Kaufland, which is the clear leader in the retail market in Romania added 13 units to its national network, now counting 102 stores. Lidl, part of the same German group Schwarz, opened 15 new stores, reaching over 180 retail spaces in 2014 and strengthened its leading position in the discount market segment, while Penny, controlled by another German group, Rewe – which also operates 8 XXL Mega Discount stores and Billa supermarket chain – has opened as many.

Investments will be extended in 2014, when store openings will maintain last year’s expansion pace, albeit the investment volume will be smaller than in the past.

Mega Image and Profi will be again in pole position to gain supremacy in the expansion of retail stores.

Our strategy is to open at least as many stores in 2015 as in 2014, namely more than 70, but we actually aim for 100 new units. We already have the space for 50 of them. As regards the expansion approach, we are considering each and every opportunity”, explained Profi’s representatives as per the source mentioned above.

Furthermore, the retailer with annual revenues of about 330 million euro in 2013 is preparing the launch of a new concept to fit the small towns across the country which could take place in 2015. A similar initiative was announced in 2012: “Loco”, a concept designed for rural areas, but which was dropped afterwards.

After taking over 18 Angst stores, integrated as Mega Image or Shop&Go units, Mega Image’s target stands at 100 new units for 2015.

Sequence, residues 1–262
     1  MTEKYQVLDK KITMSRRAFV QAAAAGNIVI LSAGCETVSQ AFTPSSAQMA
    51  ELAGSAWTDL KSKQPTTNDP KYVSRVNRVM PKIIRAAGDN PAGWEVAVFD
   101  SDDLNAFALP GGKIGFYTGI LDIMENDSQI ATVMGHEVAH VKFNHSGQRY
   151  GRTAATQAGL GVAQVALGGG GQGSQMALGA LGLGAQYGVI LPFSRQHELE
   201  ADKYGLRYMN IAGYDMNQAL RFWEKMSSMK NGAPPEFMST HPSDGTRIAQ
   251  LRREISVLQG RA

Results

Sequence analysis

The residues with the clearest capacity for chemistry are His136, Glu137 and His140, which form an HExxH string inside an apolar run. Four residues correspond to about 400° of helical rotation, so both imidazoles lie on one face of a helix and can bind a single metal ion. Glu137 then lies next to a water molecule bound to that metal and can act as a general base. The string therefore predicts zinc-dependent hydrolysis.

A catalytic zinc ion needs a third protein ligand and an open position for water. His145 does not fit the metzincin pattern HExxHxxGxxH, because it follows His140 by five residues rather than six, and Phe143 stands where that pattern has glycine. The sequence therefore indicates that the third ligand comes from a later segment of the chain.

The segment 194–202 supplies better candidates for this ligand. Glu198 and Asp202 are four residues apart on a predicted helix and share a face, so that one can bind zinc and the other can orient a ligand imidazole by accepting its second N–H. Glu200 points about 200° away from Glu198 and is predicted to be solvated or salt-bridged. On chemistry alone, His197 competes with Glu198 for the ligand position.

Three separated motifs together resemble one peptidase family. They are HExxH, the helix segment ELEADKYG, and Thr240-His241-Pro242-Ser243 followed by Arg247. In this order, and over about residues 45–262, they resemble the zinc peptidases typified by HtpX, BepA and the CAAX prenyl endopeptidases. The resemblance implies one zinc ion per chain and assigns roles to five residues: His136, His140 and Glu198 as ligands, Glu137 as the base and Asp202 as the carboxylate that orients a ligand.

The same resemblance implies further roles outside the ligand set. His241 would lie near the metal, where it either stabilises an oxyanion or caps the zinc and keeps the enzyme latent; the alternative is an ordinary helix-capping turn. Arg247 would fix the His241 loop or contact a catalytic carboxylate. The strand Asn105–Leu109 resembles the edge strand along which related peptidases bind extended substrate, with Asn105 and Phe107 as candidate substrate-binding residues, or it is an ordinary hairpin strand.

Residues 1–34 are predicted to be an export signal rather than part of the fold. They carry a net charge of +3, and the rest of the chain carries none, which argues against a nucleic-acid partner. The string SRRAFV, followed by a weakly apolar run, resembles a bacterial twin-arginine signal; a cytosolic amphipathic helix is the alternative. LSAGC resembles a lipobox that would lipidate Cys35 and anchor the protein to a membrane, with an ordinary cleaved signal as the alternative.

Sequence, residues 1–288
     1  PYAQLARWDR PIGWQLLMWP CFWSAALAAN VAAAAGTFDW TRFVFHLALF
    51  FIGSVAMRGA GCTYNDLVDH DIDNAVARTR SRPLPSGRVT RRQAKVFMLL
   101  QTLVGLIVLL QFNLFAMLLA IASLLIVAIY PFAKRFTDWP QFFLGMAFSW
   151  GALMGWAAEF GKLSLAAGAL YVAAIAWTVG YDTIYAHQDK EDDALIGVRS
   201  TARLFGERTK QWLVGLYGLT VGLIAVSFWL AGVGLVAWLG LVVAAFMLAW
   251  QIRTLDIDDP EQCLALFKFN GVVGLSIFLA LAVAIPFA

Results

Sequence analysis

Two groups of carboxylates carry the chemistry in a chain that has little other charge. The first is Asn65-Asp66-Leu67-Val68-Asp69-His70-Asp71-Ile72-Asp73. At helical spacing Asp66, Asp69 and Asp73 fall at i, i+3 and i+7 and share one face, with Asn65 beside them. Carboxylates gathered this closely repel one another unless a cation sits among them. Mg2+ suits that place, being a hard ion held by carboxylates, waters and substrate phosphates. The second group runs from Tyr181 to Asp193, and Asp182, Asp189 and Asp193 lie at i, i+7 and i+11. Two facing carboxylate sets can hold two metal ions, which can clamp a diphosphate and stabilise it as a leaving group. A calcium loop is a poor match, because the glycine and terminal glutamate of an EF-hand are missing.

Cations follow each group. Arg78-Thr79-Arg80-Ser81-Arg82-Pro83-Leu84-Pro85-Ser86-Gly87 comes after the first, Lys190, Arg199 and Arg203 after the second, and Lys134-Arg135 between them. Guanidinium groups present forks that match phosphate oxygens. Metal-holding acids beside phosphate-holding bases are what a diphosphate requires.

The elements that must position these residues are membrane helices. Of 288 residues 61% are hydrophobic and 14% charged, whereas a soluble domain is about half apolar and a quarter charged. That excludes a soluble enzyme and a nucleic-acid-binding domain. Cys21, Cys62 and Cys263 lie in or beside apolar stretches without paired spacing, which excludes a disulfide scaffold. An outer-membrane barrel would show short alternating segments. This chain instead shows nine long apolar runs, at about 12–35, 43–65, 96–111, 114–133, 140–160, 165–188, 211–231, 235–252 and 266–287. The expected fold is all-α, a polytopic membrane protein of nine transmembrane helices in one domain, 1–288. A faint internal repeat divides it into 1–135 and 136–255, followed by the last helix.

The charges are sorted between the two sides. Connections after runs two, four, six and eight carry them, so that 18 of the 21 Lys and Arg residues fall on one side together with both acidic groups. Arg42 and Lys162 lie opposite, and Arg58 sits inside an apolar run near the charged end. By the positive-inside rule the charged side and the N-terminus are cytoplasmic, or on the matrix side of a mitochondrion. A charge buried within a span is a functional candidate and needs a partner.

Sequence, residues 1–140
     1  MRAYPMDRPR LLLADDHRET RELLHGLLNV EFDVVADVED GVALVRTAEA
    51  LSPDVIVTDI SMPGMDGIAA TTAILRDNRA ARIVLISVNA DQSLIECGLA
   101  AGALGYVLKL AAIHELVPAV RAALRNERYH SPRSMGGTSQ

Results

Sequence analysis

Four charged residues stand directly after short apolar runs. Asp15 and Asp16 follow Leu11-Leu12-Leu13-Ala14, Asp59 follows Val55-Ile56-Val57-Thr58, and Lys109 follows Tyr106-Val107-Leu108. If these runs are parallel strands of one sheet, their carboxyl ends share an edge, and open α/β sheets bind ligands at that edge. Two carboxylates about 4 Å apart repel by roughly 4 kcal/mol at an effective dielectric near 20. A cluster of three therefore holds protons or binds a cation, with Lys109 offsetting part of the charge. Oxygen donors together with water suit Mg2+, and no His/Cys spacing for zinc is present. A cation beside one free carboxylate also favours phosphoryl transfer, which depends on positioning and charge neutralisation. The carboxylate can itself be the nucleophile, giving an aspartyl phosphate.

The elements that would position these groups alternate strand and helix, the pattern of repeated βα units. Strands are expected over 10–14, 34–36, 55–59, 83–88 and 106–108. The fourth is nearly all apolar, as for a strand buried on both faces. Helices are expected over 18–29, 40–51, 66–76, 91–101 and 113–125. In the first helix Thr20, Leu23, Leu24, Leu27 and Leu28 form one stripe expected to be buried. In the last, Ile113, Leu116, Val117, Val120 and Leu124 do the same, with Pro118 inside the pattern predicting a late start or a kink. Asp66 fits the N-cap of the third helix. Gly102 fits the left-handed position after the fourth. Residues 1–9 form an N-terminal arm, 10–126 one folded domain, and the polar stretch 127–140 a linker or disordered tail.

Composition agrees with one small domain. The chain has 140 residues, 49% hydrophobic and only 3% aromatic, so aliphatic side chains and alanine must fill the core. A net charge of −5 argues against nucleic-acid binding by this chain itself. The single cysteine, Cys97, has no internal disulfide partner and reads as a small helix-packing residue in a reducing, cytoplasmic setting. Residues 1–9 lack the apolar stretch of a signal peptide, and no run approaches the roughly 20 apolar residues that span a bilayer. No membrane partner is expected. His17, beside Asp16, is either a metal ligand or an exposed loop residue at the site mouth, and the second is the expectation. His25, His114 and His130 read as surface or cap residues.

In 2015 we will keep developing our network in accordance with our committment to be close to our customers, and we will carry on with investments in projects beneficial to people and communities”, said Xavier Piesvaux, CEO Mega Image Romania, in late 2014.

There are rumors about both Mega Image and Profi being interested in a possible acquisition of the most important Romanian-owned retail chain, Success, controlled by business man Nicolae Sarcina who denied, however, selling the over 150 Success stores.

Billa, which is operated by Rewe Group, could also be subject of a transaction, according to sources in the market. Billa opened only five stores last year and plans 10 openings for 2015.

While on this segment retailers will ramp up expansion, companies running hypermarket and cash&carry retail units will open fewer stores than in 2014.

Kaufland, the largest retails based on revenues – approximately 1.6 billion euro in 2013 – intends to enlarge its national network with nine stores, which means an investment budget of up to 81 million euro, given the price tag of an hypermarket ranges from 6 to 9 million euro, according to company’s information.

Our plan includes nine new Kaufland stores in Romania, the opening dates being broadly set. The locations targeted in 2015 are Constanta, Bacau, Braila, Arad, Bucharest, Timisoara, Sibiu, and Ramnicu Valcea”, representatives of the company told to Mediafax.